Shilpa Ajwani is the CEO of unomantra, a business consultancy that enables consumer-centric lifestyle businesses to grow faster. She is a seasoned social selling expert with a solid reputation for providing transformative leadership to MNCs like Tupperware, Oriflame and Vorwerk, which are leaders in the direct selling industry. With over two decades of experience in leading profitable business enterprises as well as taking brands from start-up to scale, Shilpa now dons several hats including that of Business Consultant, Leadership Coach, Sales Strategy Execution Expert, Keynote Speaker, Panellist and Board Member.  

Following is an excerpt from our conversation with Shilpa Ajwani.

PART-1

A LEADERSHIP JOURNEY OF 25 YEARS

 

Could you share some insights from your leadership journey, and any challenges you faced in your career by being a “woman in a man’s world?”

I feel very proud of my successful journey of 25 plus years and am honoured to have worked with so many wonderful people. During my career, I have had the privilege of experiencing and working with Indian companies as well as European and American Multinationals. I got exposed to virtually all functions within the organisation and had the fortune to lead wonderful Teams as a Managing Director too.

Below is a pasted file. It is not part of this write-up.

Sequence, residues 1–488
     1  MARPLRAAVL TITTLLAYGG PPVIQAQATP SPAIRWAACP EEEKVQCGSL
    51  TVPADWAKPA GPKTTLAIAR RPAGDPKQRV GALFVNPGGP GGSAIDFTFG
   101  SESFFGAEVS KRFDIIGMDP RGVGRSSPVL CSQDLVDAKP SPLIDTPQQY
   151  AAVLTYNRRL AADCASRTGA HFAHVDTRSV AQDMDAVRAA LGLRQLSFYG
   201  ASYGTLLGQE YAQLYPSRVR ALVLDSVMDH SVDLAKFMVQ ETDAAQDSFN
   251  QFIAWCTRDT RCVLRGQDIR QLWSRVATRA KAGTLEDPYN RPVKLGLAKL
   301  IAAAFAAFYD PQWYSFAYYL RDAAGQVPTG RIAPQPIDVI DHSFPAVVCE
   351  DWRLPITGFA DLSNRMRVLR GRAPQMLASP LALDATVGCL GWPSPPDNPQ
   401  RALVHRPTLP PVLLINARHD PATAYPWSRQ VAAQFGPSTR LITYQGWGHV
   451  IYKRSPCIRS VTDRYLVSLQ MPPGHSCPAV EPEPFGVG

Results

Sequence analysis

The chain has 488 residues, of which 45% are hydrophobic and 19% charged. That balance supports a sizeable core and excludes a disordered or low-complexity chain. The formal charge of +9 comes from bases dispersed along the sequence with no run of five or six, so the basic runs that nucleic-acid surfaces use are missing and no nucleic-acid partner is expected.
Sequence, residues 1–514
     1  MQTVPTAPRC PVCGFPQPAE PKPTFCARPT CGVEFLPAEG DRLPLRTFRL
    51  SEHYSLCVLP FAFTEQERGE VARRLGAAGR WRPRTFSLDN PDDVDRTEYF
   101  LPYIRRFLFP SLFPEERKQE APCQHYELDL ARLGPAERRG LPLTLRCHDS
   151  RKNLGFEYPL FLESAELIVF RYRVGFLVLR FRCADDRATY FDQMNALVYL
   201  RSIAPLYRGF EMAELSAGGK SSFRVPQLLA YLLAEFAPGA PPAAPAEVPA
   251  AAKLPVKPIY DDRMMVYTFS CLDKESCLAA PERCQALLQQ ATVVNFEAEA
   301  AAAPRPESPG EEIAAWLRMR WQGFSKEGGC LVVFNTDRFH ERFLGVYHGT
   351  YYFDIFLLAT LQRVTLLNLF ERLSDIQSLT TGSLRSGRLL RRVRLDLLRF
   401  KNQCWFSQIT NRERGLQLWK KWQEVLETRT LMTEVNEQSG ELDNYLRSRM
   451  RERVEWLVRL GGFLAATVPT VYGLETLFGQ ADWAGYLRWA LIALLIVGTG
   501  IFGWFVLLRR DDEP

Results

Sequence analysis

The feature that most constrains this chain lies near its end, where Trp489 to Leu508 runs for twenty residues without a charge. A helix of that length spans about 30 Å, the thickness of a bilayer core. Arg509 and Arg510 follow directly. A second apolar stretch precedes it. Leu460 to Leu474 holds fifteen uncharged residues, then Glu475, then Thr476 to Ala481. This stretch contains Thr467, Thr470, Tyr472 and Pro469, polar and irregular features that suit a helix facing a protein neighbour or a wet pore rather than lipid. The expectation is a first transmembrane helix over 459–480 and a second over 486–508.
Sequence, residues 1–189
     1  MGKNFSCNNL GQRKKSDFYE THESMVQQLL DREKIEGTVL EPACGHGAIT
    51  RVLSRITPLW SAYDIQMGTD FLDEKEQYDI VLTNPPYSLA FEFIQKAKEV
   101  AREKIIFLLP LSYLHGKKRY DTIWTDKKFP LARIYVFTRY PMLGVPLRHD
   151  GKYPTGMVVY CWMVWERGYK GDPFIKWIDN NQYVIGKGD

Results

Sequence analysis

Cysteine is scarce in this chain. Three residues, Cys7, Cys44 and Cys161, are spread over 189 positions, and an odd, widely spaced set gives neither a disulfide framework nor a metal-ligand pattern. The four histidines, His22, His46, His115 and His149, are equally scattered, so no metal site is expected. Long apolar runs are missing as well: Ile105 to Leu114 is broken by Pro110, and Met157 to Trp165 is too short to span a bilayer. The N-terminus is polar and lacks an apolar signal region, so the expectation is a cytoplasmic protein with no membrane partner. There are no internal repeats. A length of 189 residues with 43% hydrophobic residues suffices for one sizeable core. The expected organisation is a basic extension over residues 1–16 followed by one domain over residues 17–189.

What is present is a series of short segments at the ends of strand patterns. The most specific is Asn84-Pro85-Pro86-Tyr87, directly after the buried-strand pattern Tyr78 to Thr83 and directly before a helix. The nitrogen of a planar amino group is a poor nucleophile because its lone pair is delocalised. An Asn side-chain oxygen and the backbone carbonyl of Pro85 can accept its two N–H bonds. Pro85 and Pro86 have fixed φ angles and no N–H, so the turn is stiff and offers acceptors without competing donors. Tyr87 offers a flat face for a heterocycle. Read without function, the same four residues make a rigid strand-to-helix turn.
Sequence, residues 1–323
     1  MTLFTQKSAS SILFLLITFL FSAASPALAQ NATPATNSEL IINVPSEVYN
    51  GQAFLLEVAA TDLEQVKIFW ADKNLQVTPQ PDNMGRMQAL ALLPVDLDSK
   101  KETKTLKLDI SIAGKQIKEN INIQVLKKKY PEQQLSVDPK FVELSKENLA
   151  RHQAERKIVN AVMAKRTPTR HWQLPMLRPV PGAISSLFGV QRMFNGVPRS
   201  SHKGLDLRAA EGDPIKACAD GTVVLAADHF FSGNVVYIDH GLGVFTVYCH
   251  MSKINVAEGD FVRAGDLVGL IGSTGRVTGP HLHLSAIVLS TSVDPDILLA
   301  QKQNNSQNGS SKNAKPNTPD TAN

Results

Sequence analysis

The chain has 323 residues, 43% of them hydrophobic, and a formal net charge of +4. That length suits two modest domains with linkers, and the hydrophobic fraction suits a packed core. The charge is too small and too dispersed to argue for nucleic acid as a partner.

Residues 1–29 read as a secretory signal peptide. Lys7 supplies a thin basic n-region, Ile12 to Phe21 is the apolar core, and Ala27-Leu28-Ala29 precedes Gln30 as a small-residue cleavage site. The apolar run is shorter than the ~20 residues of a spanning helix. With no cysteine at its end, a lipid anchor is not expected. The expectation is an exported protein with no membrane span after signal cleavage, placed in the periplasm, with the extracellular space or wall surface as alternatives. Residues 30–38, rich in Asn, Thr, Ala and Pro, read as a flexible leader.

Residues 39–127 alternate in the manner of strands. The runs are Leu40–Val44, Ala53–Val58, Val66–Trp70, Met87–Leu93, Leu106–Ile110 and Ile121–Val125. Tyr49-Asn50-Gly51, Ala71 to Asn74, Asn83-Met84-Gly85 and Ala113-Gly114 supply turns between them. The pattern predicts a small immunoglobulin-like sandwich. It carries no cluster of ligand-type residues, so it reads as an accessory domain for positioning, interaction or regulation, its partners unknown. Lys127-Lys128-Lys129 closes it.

But it was after many years of working, when I was invited to an event as a “woman leader”, that I realised that “oh! I’m a woman!” Otherwise I was just going about my business and showing up in the way a professional should – with preparation, dedication and collaboration with the team. I just threw myself at every opportunity that came by to grow the Organisation.

But I won’t take all the credit for it – I had a very supportive eco-system in the form of my parents, in-laws, husband and my son. Their support, standing there rooting for me while having zero expectations, relieved me from the pressure of excelling at EVERYTHING and gave me a lot of strength. I feel very fortunate and blessed for having them in my life.